In A Word

Robin Deem

“The World Health Organization defines wellness as ‘a state of complete physical, mental, and social well-being and not merely the absence of disease or infirmary.’ I think wellness is that and so much more. It is the ability to thrive. Often, people only think of physical health as ‘wellness,’ but there actually are seven dimensions of wellness on the paradigm: physical, mental, spiritual, social, intellectual, environmental, and occupational health. These constructs are constantly shifting according to our focus, but we should always strive to incorporate each into our lives. Consciously cultivating a rich wellness journey allows us to free up space in our minds and bodies. This allows for expansion, growth, and true joy. Having a solid wellness foundation helps us weather life’s adversities and thrive.” 

Deem is the advertising, marketing, and social media and wellness coordinator for ECHO Community Healthcare.

Rob Bingham

“I believe the word wellness is a fine balance between a healthy mind and body. Personally, wellness begins with the physical component. Over the years, I have come to appreciate the importance of staying physically active. I spend a lot of time behind a desk at work (insert banker joke here). It’s important to find time in my daily routine to devote toward a workout or run. Some days, the workouts are better than others, but the real benefit is a nice break in the day to relieve stress and distract the mind. Establishing and working toward a goal such as completing a 5K or a half marathon is physically demanding but comes with a huge positive mental boost. A good friend once told me, ‘It doesn’t matter whether you are running a six-minute pace or a 12-minute pace, everybody is struggling toward to same goal.’ Be active and be well.”

Bingham is the vice president, commercial banking at German American.

Diana Holland

“At the end of the day everyone on planet Earth just wants to be happy. What does ‘being happy’ really mean? I think it means being well in every aspect of your ‘human-ness’ — being well physically, mentally, socially, emotionally, spiritually, and occupationally. True wellness means all pistons are firing in every area of your life. You have vitality and a zest for life. Most people focus on one or two areas and neglect others. Where your focus goes, your energy flows. It’s good to reflect on how you’re doing in each of these areas. You can rate yourself from one to 10. Take inventory of how you’re doing in each area and see how your wheel is rolling. Make a concentrated effort to improve on the neglected areas and round out your wellness wheel of life.”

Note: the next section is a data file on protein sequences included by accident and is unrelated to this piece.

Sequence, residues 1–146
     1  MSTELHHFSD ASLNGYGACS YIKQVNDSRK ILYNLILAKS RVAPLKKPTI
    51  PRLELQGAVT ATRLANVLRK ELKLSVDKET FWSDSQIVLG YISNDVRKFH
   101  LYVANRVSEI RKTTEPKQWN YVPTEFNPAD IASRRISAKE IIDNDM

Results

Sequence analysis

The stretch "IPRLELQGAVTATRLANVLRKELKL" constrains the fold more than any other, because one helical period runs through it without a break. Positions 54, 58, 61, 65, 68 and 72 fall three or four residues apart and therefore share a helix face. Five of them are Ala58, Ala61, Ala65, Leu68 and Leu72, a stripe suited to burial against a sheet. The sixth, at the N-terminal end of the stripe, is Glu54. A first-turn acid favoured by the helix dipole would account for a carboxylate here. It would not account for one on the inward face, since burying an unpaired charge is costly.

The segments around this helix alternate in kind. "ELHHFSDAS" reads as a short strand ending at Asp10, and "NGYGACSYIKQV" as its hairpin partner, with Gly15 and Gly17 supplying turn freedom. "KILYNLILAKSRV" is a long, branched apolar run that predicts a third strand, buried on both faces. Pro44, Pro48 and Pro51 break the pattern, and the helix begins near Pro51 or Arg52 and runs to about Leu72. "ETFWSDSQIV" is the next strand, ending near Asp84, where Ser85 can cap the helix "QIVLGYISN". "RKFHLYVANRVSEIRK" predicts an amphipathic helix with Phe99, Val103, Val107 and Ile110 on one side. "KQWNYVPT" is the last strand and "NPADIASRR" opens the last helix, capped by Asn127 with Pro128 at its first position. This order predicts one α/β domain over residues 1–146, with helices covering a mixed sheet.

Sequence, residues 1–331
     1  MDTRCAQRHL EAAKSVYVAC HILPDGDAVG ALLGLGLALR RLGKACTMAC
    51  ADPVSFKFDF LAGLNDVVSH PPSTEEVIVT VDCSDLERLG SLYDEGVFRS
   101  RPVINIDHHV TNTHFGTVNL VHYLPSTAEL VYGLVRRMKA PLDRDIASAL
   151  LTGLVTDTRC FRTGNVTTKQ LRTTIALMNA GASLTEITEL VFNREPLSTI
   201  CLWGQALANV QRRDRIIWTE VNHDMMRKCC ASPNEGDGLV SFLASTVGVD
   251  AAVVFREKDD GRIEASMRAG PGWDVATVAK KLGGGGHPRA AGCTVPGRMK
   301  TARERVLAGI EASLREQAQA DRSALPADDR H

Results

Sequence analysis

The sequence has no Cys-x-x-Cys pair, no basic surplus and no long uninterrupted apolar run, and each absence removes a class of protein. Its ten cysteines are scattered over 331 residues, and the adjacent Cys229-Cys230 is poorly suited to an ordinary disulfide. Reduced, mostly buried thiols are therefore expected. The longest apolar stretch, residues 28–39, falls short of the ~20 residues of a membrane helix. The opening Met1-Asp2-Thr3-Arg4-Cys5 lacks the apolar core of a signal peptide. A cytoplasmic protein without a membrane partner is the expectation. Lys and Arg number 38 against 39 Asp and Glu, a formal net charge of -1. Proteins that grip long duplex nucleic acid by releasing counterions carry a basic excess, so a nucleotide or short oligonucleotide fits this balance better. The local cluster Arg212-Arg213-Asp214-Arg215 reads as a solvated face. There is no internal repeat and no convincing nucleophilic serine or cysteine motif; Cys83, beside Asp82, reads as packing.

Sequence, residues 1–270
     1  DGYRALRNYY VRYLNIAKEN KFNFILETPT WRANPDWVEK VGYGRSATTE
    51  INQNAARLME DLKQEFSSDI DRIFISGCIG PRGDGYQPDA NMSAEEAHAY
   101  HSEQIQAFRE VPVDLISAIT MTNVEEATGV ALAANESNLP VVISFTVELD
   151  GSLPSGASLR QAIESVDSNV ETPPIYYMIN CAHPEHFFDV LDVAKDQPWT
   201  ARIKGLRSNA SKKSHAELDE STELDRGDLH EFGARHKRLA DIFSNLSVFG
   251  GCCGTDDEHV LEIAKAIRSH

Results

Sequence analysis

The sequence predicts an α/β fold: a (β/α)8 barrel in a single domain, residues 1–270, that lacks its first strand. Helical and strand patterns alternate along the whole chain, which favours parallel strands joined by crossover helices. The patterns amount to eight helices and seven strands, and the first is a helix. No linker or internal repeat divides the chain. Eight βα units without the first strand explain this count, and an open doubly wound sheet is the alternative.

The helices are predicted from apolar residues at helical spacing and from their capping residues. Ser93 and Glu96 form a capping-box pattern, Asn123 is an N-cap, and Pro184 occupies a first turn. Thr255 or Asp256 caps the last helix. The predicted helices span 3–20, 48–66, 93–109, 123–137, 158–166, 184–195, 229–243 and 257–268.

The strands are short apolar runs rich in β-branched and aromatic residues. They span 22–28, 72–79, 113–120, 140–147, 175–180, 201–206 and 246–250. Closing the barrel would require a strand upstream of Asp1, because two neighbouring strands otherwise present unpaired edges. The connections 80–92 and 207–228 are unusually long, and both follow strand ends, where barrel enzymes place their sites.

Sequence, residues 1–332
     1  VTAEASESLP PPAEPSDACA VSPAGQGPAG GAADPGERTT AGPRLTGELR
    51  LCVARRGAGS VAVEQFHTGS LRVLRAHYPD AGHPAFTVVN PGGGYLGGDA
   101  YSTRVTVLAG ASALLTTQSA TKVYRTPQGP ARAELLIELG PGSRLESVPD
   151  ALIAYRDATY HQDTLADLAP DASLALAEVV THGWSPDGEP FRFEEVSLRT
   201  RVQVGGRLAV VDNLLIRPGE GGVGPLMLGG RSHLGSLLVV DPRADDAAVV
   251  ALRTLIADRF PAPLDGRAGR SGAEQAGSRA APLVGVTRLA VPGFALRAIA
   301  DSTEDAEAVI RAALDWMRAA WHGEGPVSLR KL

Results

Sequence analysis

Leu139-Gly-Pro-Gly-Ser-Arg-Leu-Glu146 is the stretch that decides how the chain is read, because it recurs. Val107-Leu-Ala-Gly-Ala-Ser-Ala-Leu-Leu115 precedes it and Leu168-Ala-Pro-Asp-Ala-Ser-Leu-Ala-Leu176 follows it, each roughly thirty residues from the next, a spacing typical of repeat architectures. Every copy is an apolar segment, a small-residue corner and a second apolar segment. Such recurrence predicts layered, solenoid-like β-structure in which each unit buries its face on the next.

Holland is a trainer at Bob’s Gym.

Fr. Bernie Etienne

“Wellness, to me, implies wholeness and integration. At the heart of this challenge is the ability to live a balanced life intellectually, physically, emotionally, and spiritually. As a priest, I’m often sought out by folks experiencing personal difficulties or wrestling to make a big decision. As we talk through their challenge, I’m generally led to ask the question, ‘How is your prayer life?’ More often than not, their spiritual life is suffering from lack of attention. In a culture that increasingly places emphasis on physical reality, often at the expense of spiritual reality, it does not come as a surprise so many people are struggling with issues of diminished wellness: anxiety, confusion, depression, isolation, moral laxity, lack of peace, or fulfillment. If we neglect the spiritual life, we fail to attend to our true essence and lose connection to the giver of life. Maybe another word for wellness is holiness.” 

Etienne is the pastor of Holy Rosary Parish.

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